Prison is one of the most important institutions in American life. About a quarter of all the world’s prisoners are behind bars in the United States, a total of roughly 2 million people. It costs about $60 billion a year to imprison them.
This vast prison-industrial complex has succeeded in reducing crime but is a blunt instrument. Prison stays often constitute a graduate seminar in crime, and at the very least, the system does a poor job preparing prisoners to return to the real world. Since 95 percent of prisoners will eventually be released, this is not a minor problem.
Most fundamentally, prisoners should be required to do what many of them have never done before, namely an honest day’s work. Fewer than a third of offenders hold full-time jobs at the time of their arrest, according to Lehrer. They won’t acquire a work ethic in prison. University of Pennsylvania Law School professor Stephanos Bibas notes that only about 8 percent of prisoners work in prison industries, and about 4 percent on prison farms.
Labor unions and businesses have long supported restrictions on productive work by prisoners for fear of cheap competition, but their self-interested concerns shouldn’t obstruct attempts to instill the most basic American norm in people desperately in need of it. Prisoners should be made to work, but be paid for it and rewarded if they are particularly diligent and skilled. As Bibas argues, some of the proceeds can go to restitution for victims, to paying for their own upkeep, and to support for their families.
Prison should align itself with other norms. Inmates with drug and alcohol addictions should be forced to get treatment. There should be maximum openness to faith-based programs, such as those run by the splendid Christian organization Prison Fellowship. Prisoners should be encouraged to keep in contact with their families rather than cut off from them through what Bibas calls “cumbersome visiting policies and extortionate telephone rates.”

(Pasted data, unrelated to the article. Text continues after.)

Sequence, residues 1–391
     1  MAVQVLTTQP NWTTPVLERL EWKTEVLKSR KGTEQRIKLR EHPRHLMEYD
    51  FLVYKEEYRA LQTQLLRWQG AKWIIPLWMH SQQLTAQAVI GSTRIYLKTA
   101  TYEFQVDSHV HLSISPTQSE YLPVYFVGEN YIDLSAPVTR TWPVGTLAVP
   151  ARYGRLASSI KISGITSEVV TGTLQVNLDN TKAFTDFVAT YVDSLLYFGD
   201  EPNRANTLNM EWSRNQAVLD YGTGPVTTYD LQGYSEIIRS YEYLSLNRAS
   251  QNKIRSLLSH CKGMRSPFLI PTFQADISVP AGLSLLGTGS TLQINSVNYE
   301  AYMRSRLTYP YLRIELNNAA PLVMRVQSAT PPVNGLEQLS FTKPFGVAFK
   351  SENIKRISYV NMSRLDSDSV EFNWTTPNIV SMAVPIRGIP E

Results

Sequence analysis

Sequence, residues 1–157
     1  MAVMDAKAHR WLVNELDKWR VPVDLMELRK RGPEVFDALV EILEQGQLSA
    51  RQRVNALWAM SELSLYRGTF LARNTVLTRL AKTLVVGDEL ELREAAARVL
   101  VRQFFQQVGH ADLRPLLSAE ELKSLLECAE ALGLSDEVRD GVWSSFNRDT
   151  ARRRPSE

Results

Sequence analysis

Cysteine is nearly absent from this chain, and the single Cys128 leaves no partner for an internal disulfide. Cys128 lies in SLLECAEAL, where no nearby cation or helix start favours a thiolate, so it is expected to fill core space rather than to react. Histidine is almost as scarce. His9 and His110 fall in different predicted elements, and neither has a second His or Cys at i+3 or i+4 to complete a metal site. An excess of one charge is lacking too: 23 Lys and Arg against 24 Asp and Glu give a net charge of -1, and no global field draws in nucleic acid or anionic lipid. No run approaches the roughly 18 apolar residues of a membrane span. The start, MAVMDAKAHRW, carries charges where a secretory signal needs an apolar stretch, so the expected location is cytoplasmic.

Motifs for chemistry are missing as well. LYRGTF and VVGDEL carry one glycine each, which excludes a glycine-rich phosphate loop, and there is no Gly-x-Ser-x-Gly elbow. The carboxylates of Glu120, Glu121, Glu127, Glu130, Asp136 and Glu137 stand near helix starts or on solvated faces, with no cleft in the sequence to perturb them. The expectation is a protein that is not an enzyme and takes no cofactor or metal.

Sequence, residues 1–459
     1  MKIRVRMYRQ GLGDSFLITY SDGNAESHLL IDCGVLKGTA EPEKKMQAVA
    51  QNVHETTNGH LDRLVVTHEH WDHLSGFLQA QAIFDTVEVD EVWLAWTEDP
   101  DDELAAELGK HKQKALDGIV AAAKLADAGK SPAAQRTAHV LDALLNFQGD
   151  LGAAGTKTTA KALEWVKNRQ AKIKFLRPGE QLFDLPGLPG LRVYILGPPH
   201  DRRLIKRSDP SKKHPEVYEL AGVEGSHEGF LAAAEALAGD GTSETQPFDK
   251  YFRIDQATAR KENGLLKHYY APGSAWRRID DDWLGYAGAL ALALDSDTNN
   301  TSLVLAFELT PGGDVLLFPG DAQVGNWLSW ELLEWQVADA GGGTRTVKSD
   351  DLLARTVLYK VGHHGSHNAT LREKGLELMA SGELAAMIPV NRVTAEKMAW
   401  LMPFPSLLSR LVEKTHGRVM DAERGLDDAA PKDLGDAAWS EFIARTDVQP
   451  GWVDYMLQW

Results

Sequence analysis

Once offenders get out, there’s a good chance that they are going back. Lehrer notes that about 40 percent of ex-prisoners are rearrested within three years. The goal should be to reduce recidivism as much as possible. Offenders shouldn’t be discharged directly from solitary confinement, or discharged without a photo ID. In the job market, they shouldn’t be denied occupational licenses when the job in question has nothing to do with their crime. They should, if their crime wasn’t too serious, eventually have it expunged from the records for most purposes.
Ex-inmates out on parole or on probation should be monitored more closely. As Lehrer writes, “Transition programs should increasingly involve random, unannounced home visits, subject ex-offenders to round-the-clock electronic monitoring, require them to take random drug tests, and offer them swift and certain punishment for slip-ups.”
Playing against type, hang-’em-high Texas has been a model of prison reform and innovative reentry programs of the sort championed by Right on Crime. It has sent fewer people to prison while crime has continued to decline in the state. It has funded more slots for treatment for substance abuse and mental illness and increased the use of drug courts, creating alternatives to prison. It has strengthened supervision of probationers and parolees, by reducing caseloads for officers and fashioning a system of swift and certain sanctions for violations.
We have proved in the past several decades that we can lock a lot of people up. The challenge now is if we can do it more humanely and intelligently and, ultimately, create less work for the prison-industrial complex.
— Rich Lowry is the editor of National Review. He can be reached via e-mail: [email protected]. © 2013 King Features Syndicate